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Churches and coffee, two powerful forces in their own right, apparently go together surprisingly well. In fact, there are several coffee shops that are actually inside churches around New York City. From cafes within cathedrals to churches within coffee shops, it’s now easier than ever to combine religion with caffeine. Many of these coffeehouse-church hybrids also serve as music venues and fuse together music, faith, and coffee, thus giving everyone something to believe in.

Read on to discover some of the best coffee shop-church combos in Manhattan and beyond.

1. The Coffee Shop in the Norwegian Seamen’s Church

The Norwegian Seaman’s Church, located at 317 E 52nd street, has its own coffee shop in the back of the sanctuary, and you don’t need to be Norwegian or religious to enjoy it. The cafe serves tea, coffee and Norwegian waffles, along with soft drinks. The waffle plus tea or coffee combination is $3, with sugar and jam as topping. You serve yourself on a fun platter with a built-in spot for your coffee cup, featuring the monogram of the church. Once a month, they serve a buffet lunch featuring Norwegian delicacies. Adding to the coziness, there’s a brick fireplace (non-functional) and a grandfather clock.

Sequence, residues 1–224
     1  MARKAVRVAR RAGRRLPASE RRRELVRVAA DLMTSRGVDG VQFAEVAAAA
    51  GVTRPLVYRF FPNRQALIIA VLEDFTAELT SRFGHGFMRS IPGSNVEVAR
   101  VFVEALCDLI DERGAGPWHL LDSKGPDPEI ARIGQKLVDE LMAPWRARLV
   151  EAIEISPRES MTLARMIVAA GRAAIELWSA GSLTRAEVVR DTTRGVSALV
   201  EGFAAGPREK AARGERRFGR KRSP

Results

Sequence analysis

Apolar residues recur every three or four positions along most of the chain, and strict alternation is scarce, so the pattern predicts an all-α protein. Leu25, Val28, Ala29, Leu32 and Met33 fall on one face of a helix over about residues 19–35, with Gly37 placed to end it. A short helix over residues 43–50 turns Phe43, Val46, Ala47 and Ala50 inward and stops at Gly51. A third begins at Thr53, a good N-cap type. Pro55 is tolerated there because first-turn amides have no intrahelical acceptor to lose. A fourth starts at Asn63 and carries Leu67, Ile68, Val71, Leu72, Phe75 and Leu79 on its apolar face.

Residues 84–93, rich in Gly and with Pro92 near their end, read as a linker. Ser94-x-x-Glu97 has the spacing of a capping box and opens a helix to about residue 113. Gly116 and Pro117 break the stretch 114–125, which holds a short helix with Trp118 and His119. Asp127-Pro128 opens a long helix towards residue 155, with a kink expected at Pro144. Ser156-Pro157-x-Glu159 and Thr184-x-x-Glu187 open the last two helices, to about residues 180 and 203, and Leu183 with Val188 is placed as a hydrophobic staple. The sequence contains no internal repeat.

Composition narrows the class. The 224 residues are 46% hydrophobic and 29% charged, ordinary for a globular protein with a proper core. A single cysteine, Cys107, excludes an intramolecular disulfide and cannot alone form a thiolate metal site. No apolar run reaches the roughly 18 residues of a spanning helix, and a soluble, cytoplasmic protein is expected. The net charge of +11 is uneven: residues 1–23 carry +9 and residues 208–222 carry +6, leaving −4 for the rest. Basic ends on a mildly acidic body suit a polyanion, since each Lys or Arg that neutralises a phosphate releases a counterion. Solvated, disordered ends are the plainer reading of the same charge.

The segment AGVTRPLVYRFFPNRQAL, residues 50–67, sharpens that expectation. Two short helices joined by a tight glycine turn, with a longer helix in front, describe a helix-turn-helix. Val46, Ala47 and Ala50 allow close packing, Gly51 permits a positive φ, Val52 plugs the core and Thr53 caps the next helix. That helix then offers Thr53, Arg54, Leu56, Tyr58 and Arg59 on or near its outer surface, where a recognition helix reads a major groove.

One of the best finds here is the small grocery corner filled with Norwegian staples, including chocolates, licorice, baking ingredients, jams, and packaged soups. There’s even a waffle maker.

Originally, the church was founded to provide a respite and gathering place for Norwegian sailors in the late 1800s. In 1878, the Seaman’s Mission in Bergen, Norway sent Ole Bugge Asperheim to set up a church in New York. He purchased a church in what’s now Brooklyn’s Red Hook (home now to the Robotic Church), which would house Norwegian seamen for the next fifty years. In 1928, the congregation moved to the former Westminster Presbyterian Church, on Clinton Street in Brooklyn. The church provided shelter for many Norwegian descendants during the Great Depression.

Eventually, the church moved to Manhattan, and by 1989, the church had to move to an even larger building due to an influx of attendees. They settled on two adjoining brownstones on 52nd Street, and converted them to today’s church.

The church serves as a cultural hub where Norwegian immigrants, exchange students, au pairs, and everyone in between can congregate and caffeinate.

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